ducation should be improved in America these days. Our schools are ranked 20th to 30th against other countries. Many businesses are poor at training their employees. We could be doing much better. To improve our future, keep learning valuable skills and spread your knowledge to others. And give people opportunities to use their skills, whenever possible. Goal Setting: I often talk about the importance of setting written goals, but that’s just one vital step. The devil’s in the detail; to really succeed, we must break goals down to manageable tasks, and attach timetables to these steps. And don’t forget: Learn new skills and hone your skills! Improving Businesses: If you’re a business owner or manager, first ask yourself: ‘Are all of my employees right for the position they’re in? Do they have the potential, desire and motivation to grow their skill levels in needed areas? Has the business made them fully aware of what to learn over the next 6 months or year? Is there a well-thought out system that encourages them to learn effectively?’ Unfortunately, very few businesses can honestly say “YES” to all of these questions. Those that can are likely the leaders in their markets. Family Life: We must remember that
our personal life affects our business life, and vice versa. Remember what happened to Tiger Woods when his family life fell apart? His golf game fell apart. Like in business, the parents/managers must first agree on the rules and expectations. Then all family members/ employees must learn and abide by them. Don’t teach your children they’ll get their way if they complain, or kick and scream. Instead, reward your children for good behavior and actions. Figure out how to make important goals/ requirements desirable and fun. It’s amazing how much people can learn at a very early age. When I taught my oldest son to ride a bicycle at age 5, his 2-1/2 year old brother kept saying “teach me”. Believe it or not, at 2 years and 8 months, that son could ride a bicycle (with no training wheels) while he was STILL WEARING DIAPERS! The TWO types of basic knowledge are 1) technical, general knowledge and 2) people skills. People generally fall more into one category or the other. People with technical knowledge can “do things”. People with “people skills” are good at developing effective working and personal relationships with people. Often, people with technical skills don’t realize their people skills are lacking, or may feel it’s not that important. But
to get ahead, it’s sometimes more important WHO you know than WHAT you know. In summary, be conscious of yourself, and ask for help! You may or may not be a born student or teacher. Reach out to people that can help you figure out what new things to master. With proper desire, focus, knowledge, and habits, you will achieve things that may amaze you. I know; I’ve done this myself!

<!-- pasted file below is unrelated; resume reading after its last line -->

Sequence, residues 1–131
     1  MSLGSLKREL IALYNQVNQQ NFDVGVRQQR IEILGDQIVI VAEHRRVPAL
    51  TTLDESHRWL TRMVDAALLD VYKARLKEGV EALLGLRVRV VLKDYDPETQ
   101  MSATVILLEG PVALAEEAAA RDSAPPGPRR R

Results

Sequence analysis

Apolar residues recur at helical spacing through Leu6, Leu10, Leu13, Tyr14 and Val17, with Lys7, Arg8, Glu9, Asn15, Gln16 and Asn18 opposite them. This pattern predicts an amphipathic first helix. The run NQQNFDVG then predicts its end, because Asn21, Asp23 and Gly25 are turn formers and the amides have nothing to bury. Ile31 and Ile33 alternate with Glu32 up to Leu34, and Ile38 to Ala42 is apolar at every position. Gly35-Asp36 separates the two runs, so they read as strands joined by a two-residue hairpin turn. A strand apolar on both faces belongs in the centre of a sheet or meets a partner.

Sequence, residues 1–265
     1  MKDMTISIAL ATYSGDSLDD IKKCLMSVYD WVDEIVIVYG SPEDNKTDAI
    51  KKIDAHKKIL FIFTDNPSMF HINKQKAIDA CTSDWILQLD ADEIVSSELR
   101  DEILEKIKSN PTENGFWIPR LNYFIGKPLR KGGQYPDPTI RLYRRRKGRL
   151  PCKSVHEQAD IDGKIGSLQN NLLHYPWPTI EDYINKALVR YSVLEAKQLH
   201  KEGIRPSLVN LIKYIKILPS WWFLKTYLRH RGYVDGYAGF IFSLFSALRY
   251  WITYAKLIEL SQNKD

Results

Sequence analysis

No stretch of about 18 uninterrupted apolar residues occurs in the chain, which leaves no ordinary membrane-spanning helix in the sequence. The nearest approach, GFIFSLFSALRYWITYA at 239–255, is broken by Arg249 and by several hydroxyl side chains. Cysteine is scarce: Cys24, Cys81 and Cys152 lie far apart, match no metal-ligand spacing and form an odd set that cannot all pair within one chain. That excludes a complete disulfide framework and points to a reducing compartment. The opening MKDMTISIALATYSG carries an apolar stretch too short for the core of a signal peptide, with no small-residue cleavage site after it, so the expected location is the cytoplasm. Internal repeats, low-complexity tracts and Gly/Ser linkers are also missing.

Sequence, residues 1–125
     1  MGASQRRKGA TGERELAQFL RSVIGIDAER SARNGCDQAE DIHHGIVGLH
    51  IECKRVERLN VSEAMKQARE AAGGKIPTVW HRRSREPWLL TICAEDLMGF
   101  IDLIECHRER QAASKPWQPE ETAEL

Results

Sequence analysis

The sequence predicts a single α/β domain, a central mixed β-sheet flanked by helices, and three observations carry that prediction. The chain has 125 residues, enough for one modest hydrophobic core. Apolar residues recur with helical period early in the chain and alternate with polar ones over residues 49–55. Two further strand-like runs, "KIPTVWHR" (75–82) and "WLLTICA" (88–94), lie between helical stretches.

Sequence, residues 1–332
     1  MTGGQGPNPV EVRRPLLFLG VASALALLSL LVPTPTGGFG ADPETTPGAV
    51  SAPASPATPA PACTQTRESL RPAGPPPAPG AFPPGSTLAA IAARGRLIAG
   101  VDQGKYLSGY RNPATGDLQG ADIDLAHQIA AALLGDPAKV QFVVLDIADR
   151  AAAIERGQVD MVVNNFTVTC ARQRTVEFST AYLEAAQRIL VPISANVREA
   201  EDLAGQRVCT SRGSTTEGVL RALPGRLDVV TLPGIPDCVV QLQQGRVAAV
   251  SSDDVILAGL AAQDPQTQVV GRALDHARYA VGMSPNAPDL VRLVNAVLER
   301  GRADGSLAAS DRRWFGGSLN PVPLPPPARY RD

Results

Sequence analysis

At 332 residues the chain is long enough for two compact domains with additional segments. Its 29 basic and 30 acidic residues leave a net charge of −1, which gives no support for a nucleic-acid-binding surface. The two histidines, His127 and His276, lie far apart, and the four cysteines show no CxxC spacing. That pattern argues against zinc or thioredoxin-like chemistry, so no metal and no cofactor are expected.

LARRY RUDWICK This is a sponsored Business-Talk article. A lot more about this can be found on the www.BusinessTuneUps.com website. To do an Executive Assessment requires a Word Document entitled Ten Questions That Can Improve Your Life. I would be happy to email one to you; you may request it from me at Rudwick@cox.net or calling 571-331-6102.
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Let’s figure this out…TOGETHER DARREN SCHEYER |
Co-Owner, Partners In Achievement
t is said there are three reasons students struggle in school: poor motivation, poor instruction, and poor processing skills. Let’s take a deeper look into
each one of these. The first reason, poor motivation, is often the result, and not the cause, of poor learning. How many times have we asked our student to “try harder”? The assumption is that they have not done so previously. “Trying harder” is rarely the solution. Let’s look at the relationship between what one “puts in” and what one “gets out.” Take for instance the student that studies for 30 minutes and makes a C on a test. For the next test the student studies for 45 minutes and makes a B. The relationship between what is being “put in” directly correlates with what is “getting out”. What happens, however, when the grade does not make a difference with how much one “puts in”? Most students quickly learn how much they need to study to make that minimum grade to pass. Telling this student to try harder doesn’t resonate, because trying harder did not change the outcome of
the grade in the past. Therefore, poor motivation is the result of poor learning skills, not the cause of poor grades. Poor instruction, the second culprit, is the easiest to correct. Just look for better instruction, right? That is, try to change classes to get a better teacher or go to a tutor. This is often helpful, as better instruction often results in better grades. But it doesn’t result in better learning. There is a difference. Tutoring programs are often helpful in teaching a subject matter in a way that the student can understand, increasing the student’s chances of making a better grade in a quiz or test. However, when a new concept or new information is taught, the tutor is needed again, and again, and again. Ask this question: “Out of all the students in the classroom, how many students didn’t ‘get it’?” Or this question: “Why did the student not ‘get it’ in the first place?” The third cause, poor processing skills, is often the core reason why students have trouble in school. Processing skills are the underlying learning skills that are necessary for fast, efficient learning. Having even one processing deficiency has tremendous impact on a student’s ability to succeed. Finding out a student’s processing skill profile is